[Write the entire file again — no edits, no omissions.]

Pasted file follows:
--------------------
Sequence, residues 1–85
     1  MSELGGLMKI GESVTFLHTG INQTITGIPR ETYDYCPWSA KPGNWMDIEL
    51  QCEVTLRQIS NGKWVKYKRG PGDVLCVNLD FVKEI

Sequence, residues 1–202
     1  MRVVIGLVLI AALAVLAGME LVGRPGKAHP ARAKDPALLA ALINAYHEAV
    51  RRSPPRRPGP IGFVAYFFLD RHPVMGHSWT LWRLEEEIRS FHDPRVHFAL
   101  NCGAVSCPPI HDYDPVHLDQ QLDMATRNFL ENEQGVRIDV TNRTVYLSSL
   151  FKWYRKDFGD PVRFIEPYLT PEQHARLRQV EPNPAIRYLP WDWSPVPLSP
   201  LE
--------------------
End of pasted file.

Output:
Sequence, residues 1–85
     1  MSELGGLMKI GESVTFLHTG INQTITGIPR ETYDYCPWSA KPGNWMDIEL
    51  QCEVTLRQIS NGKWVKYKRG PGDVLCVNLD FVKEI

Sequence, residues 1–202
     1  MRVVIGLVLI AALAVLAGME LVGRPGKAHP ARAKDPALLA ALINAYHEAV
    51  RRSPPRRPGP IGFVAYFFLD RHPVMGHSWT LWRLEEEIRS FHDPRVHFAL
   101  NCGAVSCPPI HDYDPVHLDQ QLDMATRNFL ENEQGVRIDV TNRTVYLSSL
   151  FKWYRKDFGD PVRFIEPYLT PEQHARLRQV EPNPAIRYLP WDWSPVPLSP
   201  LE